Date of Award

Spring 5-11-2018

Degree Type

Dissertation

Degree Name

Doctor of Philosophy (PhD)

Department

Public Health

First Advisor

Laura Salazar

Second Advisor

Richard Rothenberg

Third Advisor

Richard Crosby

Abstract

Background: HIV continues to disproportionately affect young Black men (YBM) and efforts are needed to increase HIV testing in this population. The primary purpose of this dissertation was to develop and evaluate a theory driven social media marketing (SMM) campaign (based upon social learning theory) to increase HIV testing among young Black men attending a public university in Atlanta, GA.

Methods: Three focus groups with YBM were conducted to develop a social media marketing campaign. The three month social media marketing campaign included targeted Facebook and Instagram advertisements as well as print advertising, campaign related events, a campaign website, and blog. Two hundred four students (n=106 for the baseline survey and n=98 for the post campaign survey) completed an online survey assessing sexual behaviors, attitudes toward HIV testing, stigma, testing barriers, exposure to HIV testing campaigns, social learning processes, and Integrated Behavior Model (IBM) constructs. Baseline data analyses involved a confirmatory factor analysis treating social learning as a latent variable and regressing IBM constructs on social learning. Evaluation of the campaign involved comparing pre and post differences in HIV testing frequency and mean scores for covariates as well as the association of the pre/post-grouping variable with HIV testing in a multivariable logistic regression model. A mediation analysis was conducted to assess a potential causal pathway through which the intervention affected HIV testing in bivariate models and in path analyses.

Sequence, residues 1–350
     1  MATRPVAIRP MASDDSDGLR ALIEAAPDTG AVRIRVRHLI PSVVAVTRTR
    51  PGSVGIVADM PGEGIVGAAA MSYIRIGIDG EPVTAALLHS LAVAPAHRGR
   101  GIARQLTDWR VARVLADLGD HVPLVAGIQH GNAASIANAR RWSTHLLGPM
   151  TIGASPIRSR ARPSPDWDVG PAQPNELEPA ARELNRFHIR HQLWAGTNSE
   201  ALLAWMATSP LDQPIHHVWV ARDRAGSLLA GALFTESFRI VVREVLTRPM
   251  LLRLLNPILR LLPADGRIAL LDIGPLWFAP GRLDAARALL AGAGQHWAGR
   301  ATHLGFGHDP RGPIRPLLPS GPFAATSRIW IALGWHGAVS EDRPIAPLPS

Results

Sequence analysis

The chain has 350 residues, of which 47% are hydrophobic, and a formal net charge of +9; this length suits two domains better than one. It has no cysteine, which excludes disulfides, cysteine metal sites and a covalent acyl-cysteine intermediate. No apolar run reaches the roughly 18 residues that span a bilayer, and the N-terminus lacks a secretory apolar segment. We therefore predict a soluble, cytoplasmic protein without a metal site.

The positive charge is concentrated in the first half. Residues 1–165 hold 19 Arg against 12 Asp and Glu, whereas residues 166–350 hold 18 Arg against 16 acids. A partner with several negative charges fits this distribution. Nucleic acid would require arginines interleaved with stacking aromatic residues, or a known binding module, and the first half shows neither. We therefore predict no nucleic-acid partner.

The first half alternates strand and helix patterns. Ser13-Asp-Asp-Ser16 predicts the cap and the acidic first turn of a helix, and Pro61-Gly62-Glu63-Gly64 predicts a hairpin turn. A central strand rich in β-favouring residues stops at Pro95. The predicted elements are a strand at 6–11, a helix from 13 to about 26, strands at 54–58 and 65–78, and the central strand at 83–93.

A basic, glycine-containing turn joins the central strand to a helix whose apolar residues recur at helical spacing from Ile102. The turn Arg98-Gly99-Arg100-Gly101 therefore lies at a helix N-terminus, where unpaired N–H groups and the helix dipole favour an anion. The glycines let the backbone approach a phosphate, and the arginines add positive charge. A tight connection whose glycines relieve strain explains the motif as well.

Results: The latent variable of social learning was indirectly associated with HIV testing intentions through experiential attitudes (β=0.135, p=0.014) and directly associated with experiential attitudes (β=-0.248, p=0.010). There was a significant difference in HIV testing frequency pre and post campaign (62.2% vs. 39.6%; p=0.001) in unadjusted analyses. Differential association (the people who share normative patterns of behavior with YBM) was the only mediator to have a direct association with HIV testing (AOR= 1.418, p= 0.035) in the adjusted model.

Conclusions: HIV testing was higher post campaign launch. Differential association for HIV testing may be the key to increase testing uptake among young Black men. Social learning may be extended to HIV testing behavior and may influence experiential attitudes toward HIV testing.


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